Grub recovery after Windows update

Yesterday I updated Windows 10, BIOS and some drivers of my Dell and couldn’t run Grub, just Windows Boot Manager. I re-installed Grub from Debian recovery without succes, Windows started directly after reboot.

First fix was copy /boot/efi/EFI/debian/grubx64.efi to /boot/efi/EFI/Microsoft/Boot/bootmgrfw.efi (with backup of original file, of course) and then Grub started. But why BIOS didn’t read /boot/efi/debian/grubx64.efi?

In BIOS (Boot Sequence menu) I had 1. option “debian” and File System List was “HD(1,GPT,D6E…)” what was wrong. I deleted this option and add new one with File System List “PciRoot(0x0)/Pci(0x17,0x0)/Sata(0x2,0x0)/HD(1,GPT,D6E…)” and correct File Name “\EFI\debian\grubx64.efi” and then Grub started work.

Then I reverted back “first fix”, rename back /boot/efi/EFI/Microsoft/Boot/bootmgrfw.efi.backup to /boot/efi/EFI/Microsoft/Boot/bootmgrfw.efi and Grub starts after reboot again.

NetworkManager changes WiFi MAC address

If your WiFi is managed by NetworkManager and it has random MAC address after reboot, you can disable it in /etc/NetworkManager/NetworkManager.conf:

[device]
wifi.scan-rand-mac-address=no

[connection]
# ethernet.cloned-mac-address=permanent
wifi.cloned-mac-address=permanent

[connection] section shouldn’t be necessary nor ethernet line (it is commented).

imapfilter

Tool to filtering e-mail. Can be installed via:

sudo apt install imapfilter

Example configuration in ~/.imapfilter/configu.lua:

local posvic_eu = IMAP {
server = 'mail.posvic.eu',
username = 'my@posvic.eu',
password = '',
ssl = 'ssl3',
}

local test = IMAP {
server = 'test.email.com',
username = 'my@email.com',
password = '',
ssl = 'ssl3',
}

function print_subjects(o)
for _, msg in ipairs(filter) do
mbox, uid = table.unpack(msg)
text = mbox[uid]:fetch_message()
print(string.match(text, 'Subject:[^\n]*'))
end
end

posvic_eu.INBOX:check_status()
posvic_eu.INBOX
:contain_from('beacon-monitor@post.cz')
:contain_subject('Beacon Monitor Disk')
:move_messages(posvic_eu['Trash'])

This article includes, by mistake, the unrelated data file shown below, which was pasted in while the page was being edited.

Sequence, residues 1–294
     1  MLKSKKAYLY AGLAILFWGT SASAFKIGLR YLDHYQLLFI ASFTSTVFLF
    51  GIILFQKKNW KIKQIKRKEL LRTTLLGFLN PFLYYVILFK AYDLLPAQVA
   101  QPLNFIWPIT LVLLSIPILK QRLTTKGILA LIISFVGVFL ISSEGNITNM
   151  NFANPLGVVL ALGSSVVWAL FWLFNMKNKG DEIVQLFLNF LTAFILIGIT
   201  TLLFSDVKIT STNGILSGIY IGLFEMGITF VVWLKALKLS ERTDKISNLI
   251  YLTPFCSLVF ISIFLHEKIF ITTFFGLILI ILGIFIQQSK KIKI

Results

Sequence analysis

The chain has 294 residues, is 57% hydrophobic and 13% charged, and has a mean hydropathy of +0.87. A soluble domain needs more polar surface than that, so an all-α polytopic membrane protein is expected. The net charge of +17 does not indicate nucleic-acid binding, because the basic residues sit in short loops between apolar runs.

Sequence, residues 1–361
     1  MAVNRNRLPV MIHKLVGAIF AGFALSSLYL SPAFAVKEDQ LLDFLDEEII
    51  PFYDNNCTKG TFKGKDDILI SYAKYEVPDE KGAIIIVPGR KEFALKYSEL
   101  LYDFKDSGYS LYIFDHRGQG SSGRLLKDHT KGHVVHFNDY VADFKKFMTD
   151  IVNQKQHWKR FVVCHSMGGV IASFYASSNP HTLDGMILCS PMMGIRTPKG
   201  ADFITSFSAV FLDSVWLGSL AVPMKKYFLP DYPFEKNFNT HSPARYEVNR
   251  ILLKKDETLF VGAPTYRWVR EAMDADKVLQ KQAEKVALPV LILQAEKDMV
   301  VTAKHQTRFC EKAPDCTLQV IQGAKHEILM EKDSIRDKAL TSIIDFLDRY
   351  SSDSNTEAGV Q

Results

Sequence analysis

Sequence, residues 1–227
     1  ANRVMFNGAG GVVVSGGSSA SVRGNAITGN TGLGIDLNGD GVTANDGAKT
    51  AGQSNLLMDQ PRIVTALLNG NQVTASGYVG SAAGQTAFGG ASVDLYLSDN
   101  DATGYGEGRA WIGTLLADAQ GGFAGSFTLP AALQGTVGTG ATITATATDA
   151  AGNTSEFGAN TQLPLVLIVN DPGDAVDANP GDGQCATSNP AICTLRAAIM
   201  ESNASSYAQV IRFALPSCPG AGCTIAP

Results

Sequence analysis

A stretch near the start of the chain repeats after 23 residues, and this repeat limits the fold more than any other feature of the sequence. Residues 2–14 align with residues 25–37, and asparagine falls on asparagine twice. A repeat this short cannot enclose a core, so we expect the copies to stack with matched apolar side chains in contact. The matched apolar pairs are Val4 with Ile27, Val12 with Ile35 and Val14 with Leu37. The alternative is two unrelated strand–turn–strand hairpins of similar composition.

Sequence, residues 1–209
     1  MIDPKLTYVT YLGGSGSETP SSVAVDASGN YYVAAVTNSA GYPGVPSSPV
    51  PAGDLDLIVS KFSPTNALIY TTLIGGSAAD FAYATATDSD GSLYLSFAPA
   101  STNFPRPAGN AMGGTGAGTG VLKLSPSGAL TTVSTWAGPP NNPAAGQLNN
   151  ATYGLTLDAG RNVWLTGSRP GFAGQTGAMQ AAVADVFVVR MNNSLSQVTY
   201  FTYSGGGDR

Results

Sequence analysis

test.INBOX:check_status()
test.INBOX
:contain_from('support@2n.cz')
:contain_subject('Ticket#')
:move_messages(test['INBOX/Automat'])
test.INBOX
:contain_from('apps@crashlytics.com')
:contain_subject('Meeting Room')
:move_messages(test['INBOX/Automat'])

Custom key for SSH

$ ssh-keygen
Enter file in which to save the key (/home/petr/.ssh/id_rsa): /home/petr/my.key
Enter passphrase (empty for no passphrase): 
Enter same passphrase again: 
Your identification has been saved in /home/petr/my.key.
Your public key has been saved in /home/petr/my.key.pub.
The key fingerprint is:
SHA256:t7oRcfThgNf5w8kXl+pg6Xgso/BJtBDt4T42vFUpZ7U petr@pc
The key's randomart image is:
+---[RSA 2048]----+
|      .  .o...  .|
|     . o...+oo o.|
|      + o.. *+o.o|
|     . + + O E* .|
|      = S @ o  o |
|     . O B = .   |
|      = O =      |
|       = o       |
|        o.       |
+----[SHA256]-----+

To use this key you have 2 choices: run command

ssh -i ~/my.key posvic.eu

or edit SSH config file and specify IndetityFile for host. Then is no need to use parameter -i.

# ~/.ssh/config
Host posvic.eu
    IdentityFile ~/my.key
ssh posvic.eu

Change prompt in Ranger

In previous post I wrote about file manager Ranger. In Ranger there is keyboard shortcut Shift + S to execute shell (Bash in my case). You can modify /etc/ranger/config/rc.conf (or your local ~/.config/ranger/rc.conf) and add this line:

map S shell bash --rcfile <(cat ~/.bashrc; echo 'PS1="(ranger) $PS1"')

Then you get your prompt prefixed by (ranger) and always know you are in shell of Ranger.